Nuclear fusion: A new record in research brings the idea of ​​unlimited energy closer

A new world record has been set at the Joint European Torus laboratory in Great Britain, where more energy than ever was produced by nuclear fusion in an experiment, reports the BBC.

The result was obtained following the last experiment of the laboratory, after more than 40 years of research in the field of fusion, and the researchers involved declared that “we have achieved things that have not been done before”.

Nuclear fusion is the process that powers the Sun, in fact all active stars, and which scientists say could produce vast amounts of energy without heating the Earth's atmosphere. It is produced by heating and forcing small particles together to create heavier particles that release useful energy.

When nuclear fusion is perfected and scaled up, endless amounts of clean, carbon-free energy can be produced. And unlike wind and solar power, it would not depend on weather conditions. But it's clearly not that simple, as Dr Aneeqa Khan, a nuclear fusion researcher at the University of Manchester, explained. “For atoms to fuse together on Earth, we need temperatures ten times higher than the Sun, around 100 million degrees Celsius, and a sufficiently high density of atoms for a sufficiently long period of time “she explained.

In UK experiments, 69 megajoules of energy were produced in five seconds. Although this is only enough for four to five hot baths, as the researchers joked, it is a new record. Although there is still a long way to go before nuclear fusion power plants, which could solve the climate crisis, every step brings us closer to this dream.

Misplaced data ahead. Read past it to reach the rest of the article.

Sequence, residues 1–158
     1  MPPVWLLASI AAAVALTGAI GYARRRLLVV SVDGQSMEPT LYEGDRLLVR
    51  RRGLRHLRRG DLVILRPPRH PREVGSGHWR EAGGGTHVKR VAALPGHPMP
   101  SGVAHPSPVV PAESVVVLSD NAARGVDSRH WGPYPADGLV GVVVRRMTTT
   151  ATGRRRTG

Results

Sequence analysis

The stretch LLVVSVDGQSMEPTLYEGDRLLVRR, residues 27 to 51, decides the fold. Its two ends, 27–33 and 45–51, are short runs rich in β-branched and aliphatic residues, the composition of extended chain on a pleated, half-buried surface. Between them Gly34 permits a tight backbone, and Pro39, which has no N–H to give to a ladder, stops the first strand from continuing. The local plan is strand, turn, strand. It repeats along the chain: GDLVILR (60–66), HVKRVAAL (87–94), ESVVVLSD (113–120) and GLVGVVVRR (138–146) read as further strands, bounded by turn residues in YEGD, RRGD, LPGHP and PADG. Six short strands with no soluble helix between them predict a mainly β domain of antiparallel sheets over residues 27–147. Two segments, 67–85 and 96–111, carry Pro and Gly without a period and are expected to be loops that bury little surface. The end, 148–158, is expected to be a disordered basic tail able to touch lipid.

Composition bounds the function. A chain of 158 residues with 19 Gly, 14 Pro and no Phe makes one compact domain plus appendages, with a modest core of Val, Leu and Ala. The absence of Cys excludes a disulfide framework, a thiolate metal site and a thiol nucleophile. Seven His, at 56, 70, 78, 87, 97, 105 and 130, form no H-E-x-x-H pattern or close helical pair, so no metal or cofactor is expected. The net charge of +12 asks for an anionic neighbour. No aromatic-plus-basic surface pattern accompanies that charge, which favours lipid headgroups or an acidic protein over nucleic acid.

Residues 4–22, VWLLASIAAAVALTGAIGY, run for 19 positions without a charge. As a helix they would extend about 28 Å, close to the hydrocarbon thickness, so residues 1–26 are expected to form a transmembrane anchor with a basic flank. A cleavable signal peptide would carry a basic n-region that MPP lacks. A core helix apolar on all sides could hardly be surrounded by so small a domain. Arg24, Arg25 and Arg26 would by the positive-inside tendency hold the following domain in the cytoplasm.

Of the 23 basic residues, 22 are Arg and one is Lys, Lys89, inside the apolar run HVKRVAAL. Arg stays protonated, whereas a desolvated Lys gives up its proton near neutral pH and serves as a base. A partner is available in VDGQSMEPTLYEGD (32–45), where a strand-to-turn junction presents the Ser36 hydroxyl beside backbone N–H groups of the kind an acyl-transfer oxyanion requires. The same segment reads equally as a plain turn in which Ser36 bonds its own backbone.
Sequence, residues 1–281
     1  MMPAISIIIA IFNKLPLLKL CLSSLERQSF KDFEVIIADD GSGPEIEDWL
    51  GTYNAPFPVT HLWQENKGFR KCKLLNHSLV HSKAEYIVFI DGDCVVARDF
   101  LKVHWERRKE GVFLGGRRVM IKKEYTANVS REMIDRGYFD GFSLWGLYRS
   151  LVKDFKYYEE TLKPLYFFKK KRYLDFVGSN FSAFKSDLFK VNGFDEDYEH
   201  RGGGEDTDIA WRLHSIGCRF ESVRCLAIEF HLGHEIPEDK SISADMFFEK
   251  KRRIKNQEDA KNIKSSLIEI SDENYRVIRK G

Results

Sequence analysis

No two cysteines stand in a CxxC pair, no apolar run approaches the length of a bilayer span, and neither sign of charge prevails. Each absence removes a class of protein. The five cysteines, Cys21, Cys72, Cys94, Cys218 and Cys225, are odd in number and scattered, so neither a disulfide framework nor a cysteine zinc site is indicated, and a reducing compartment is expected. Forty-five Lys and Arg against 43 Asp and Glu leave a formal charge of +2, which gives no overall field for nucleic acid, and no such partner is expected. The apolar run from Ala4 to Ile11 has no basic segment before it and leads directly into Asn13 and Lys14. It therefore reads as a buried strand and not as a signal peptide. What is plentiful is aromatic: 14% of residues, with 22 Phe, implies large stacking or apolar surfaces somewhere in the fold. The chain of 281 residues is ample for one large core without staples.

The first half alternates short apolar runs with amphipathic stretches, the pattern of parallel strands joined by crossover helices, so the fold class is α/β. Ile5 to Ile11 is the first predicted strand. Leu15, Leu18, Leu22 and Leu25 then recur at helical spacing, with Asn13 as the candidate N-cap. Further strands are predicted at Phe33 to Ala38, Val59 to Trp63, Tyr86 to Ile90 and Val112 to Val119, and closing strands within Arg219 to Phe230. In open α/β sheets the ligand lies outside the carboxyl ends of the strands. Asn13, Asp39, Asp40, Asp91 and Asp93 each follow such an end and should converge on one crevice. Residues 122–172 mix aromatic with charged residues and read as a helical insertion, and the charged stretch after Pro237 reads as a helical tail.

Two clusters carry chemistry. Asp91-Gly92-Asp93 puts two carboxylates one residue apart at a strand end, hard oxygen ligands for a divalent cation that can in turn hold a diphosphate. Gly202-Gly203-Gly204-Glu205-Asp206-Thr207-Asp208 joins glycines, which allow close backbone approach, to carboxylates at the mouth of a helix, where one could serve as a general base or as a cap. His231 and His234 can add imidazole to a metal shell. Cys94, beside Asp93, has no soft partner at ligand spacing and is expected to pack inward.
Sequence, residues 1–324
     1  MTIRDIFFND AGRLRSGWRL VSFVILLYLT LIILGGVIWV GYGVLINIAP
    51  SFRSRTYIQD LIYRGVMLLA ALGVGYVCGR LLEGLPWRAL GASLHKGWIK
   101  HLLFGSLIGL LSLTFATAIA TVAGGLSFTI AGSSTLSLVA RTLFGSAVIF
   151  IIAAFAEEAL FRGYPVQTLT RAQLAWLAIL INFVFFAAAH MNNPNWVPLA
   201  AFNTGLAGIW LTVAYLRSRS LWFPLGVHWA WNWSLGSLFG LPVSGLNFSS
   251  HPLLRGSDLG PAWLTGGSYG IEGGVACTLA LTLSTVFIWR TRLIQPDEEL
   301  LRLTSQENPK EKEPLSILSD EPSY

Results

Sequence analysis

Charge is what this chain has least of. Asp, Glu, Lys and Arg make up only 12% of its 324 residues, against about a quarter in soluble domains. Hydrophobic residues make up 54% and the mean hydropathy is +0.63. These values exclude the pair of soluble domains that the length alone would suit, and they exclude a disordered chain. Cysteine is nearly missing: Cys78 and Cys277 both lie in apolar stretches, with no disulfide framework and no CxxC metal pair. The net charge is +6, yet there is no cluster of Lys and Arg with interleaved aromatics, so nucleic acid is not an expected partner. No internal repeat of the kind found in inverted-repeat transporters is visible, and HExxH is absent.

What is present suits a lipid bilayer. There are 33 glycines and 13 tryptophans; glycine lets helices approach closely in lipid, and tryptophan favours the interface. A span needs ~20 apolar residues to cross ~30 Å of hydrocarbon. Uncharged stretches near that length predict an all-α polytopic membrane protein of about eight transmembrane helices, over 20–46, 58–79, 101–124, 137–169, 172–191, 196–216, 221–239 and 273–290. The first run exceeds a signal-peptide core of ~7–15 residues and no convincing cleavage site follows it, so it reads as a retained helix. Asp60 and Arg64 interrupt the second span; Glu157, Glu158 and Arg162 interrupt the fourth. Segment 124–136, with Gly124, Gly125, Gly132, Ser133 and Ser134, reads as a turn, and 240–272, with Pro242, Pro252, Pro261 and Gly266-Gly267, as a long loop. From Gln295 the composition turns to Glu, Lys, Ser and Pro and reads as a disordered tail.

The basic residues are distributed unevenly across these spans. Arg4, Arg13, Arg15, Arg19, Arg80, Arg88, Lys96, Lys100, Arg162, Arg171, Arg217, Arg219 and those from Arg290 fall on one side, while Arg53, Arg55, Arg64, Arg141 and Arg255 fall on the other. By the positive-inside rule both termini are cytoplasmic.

Prof. Ambrogio Fasoli, program manager at EUROfusion, said: “Our successful demonstration … increases confidence in the development of fusion energy. Beyond setting a new record, we've achieved things we've never done before and deepened our understanding of the physics of fusion.”

Head of the Space, Plasma and Climate Research Community at Imperial College London, Professor Stuart Mangles, emphasized the importance of international collaboration. “The new results from the latest JET test are very interesting. This result really highlights the power of international collaboration. It would not have been possible without the work of hundreds of scientists and engineers from all over Europe” – he said.

The Joint European Torus (JET) facility was built at Culham in Oxford in the late 1970s and until late last year was the world's most advanced experimental fusion reactor. Although located in the UK, it was mainly funded by the EU's nuclear research programme, Euratom, and operated by the UK Atomic Energy Agency.

The reactor was only supposed to be operational for about a decade, but repeated successes extended its life. The result announced today is triple that obtained in similar tests in 1997.

JET's Euratom successor is a facility called ITER, which will be based in France. It was planned to be put into operation in 2016 and was estimated to cost about 5 billion euros, but its price has increased by about four times, and its commissioning has been delayed until 2025. Currently, experiments at scale wide are not foreseen until at least 2035.